Make a customer not a sale. You miss 100 percent of the shots you don’t take. Always be closing. Coke only sold 25 bottles in its first year, so never give up. This is but a handful of the motivational sales mantras you hear today.
Sales philosophies are like dogs: Everyone thinks theirs is the best, and they’re eager to tell you about it. Ironically, none of them are wrong. Amazon offers more than 2 million books on the topic of sales, many containing good information. You could spend a fortune on books, videos, classes and conferences, and you’d be overwhelmed with advice. To guide you in your self-storage sales process, I’ve distilled the deluge down to three philosophies.
1. Make It Fit
My first sales philosophy is to tailor your pitch to fit your personality. Don’t be afraid to be who you are. If you’ve ever met me, you know I laugh and joke all the time, and rarely take anything seriously. It drives the people close to me insane! When I offer a sales presentation or a tour of a storage facility, I’m high-energy, fun and outgoing. However, others in my company are the opposite. So, who’s right? We all are.
People see the sincerity of a person, not the salesmanship. When you’re true to your character, people see you’re authentic, and it makes them feel comfortable and respected. They don’t feel like they’re being “sold.” You’re present in the conversation and able to engage in a helpful manner. You develop a genuine connection with customers. They’ll see, hear and feel this, and reward you by sharing their time with you.
Even though your personality should be foremost, there are sales practices you should follow. Whether you take phone calls at your facility or offer tours, you’re using techniques. And like any skill, they need to be studied and refined. Learn everything you can about sales. Even if you receive training from your company, remember there’s so much more material out there. Many storage operators severely lack basic sales know-how, so anything you can absorb will put you ahead of the game.
2. Sometimes It Works
My college philosophy professor once told us, “Some things work for some of the people some of the time.” He wasn’t talking about the business world, and yet it’s a good summary of the second philosophy behind self-storage sales.
Let’s try an experiment. Write down the three principal objections you receive from potential customers. Now, ponder how you counter these objections. Do you have planned responses for each? If you don’t, create some now! If you do, I guarantee some of them work on some of the people some of the time. Now you need to expand this skill. If you attempt to overcome an objection one way and it fails, try another. There’s no rule that says you have just one chance. Educate yourself and practice so you have “some things for some people.”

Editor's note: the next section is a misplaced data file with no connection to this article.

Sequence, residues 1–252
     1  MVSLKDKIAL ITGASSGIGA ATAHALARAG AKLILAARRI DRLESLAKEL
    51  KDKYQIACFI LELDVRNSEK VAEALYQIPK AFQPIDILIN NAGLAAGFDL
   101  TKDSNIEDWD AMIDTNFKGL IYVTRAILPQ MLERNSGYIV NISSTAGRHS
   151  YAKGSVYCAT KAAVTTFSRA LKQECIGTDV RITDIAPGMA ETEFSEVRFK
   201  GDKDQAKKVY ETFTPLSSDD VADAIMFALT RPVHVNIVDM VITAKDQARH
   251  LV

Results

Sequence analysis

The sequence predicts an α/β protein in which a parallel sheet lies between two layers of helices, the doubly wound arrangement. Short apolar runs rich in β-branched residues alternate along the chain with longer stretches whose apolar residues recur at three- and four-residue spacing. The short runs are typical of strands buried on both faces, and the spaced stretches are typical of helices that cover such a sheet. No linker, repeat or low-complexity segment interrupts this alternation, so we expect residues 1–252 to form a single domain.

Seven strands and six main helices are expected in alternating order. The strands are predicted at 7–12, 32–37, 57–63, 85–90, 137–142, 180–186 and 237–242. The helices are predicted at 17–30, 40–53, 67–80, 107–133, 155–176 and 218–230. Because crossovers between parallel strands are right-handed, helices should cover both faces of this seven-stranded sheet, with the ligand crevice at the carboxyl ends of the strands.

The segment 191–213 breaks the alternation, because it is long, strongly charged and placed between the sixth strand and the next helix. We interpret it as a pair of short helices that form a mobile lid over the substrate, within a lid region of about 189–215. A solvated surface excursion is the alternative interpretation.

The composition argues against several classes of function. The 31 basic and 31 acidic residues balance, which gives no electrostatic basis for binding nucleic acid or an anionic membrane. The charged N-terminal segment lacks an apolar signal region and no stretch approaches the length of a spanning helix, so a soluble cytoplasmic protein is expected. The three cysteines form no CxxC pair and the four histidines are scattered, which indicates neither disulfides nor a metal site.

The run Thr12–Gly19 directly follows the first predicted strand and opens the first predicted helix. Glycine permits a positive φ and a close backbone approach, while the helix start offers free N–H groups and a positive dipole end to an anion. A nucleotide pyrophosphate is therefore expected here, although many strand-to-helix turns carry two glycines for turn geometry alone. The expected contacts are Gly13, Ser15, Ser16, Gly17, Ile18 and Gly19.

When was the last time you updated your phone-sales techniques or tried something different? If you apply the “some things” philosophy, you need to have variations when speaking to people on the phone, depending on their cues. What questions are you asking the customer? Are there better questions? Call 10 facilities in different parts of the country and see what you can learn from their phone presentations.
3. No Magic
A co-worker of mine, who’s an avid Harry Potter fan, inspired this third sales philosophy: There are no magic wands or words in the world of sales.
If you’ve read the books or watched the films, you know Harry’s adventures take him and his friends through many trials and tribulations. Often, the only saving grace they have is the ability to wave their wands or conjure a spell to vanquish their foes. This doesn’t work in sales. Don’t get me wrong, some techniques and words are better to use. However, “magical” implies that something is easy, and sales isn’t. There are no magical words that will make your sales increase.
While what you say matters, it’s how you say it that counts. We’re in the business of storage and empathy. Operators get so caught up with saying words like value, new, guarantee, sale, easy, simple, etc., that they forget sales is about helping people get what they want and need. Shift your thinking from “I win when the customer rents from me” to “the customer wins when he chooses my facility,” and see what happens.
If you don’t have some sort of sales training at your company, I encourage you to seek it out. Ask your owner or supervisor if you can find or do some sort of training for yourself and co-workers. Even if you just send a monthly e-mail containing sales tips, it’s a change in the right direction.
As a self-storage operator, you should be doing what you can to sharpen your trade. Often to its detriment, our industry is viewed as a passive business when it should be viewed as a dynamic, active machine with cogs, wheels and levers. All these parts need to be changed and pulled. By taking time to develop your sales skills, you’re making everything move significantly better.
Rick Beal is the district manager and part owner of Cubes Self Storage in Salt Lake City. His goal is to help a historically slow-changing industry embrace new, innovative ideas. His professional motto is “Storage is a business of inches not miles.” He can be reached at firstname.lastname@example.org. Connect with him on LinkedIn at www.linkedin.com/in/storagerick.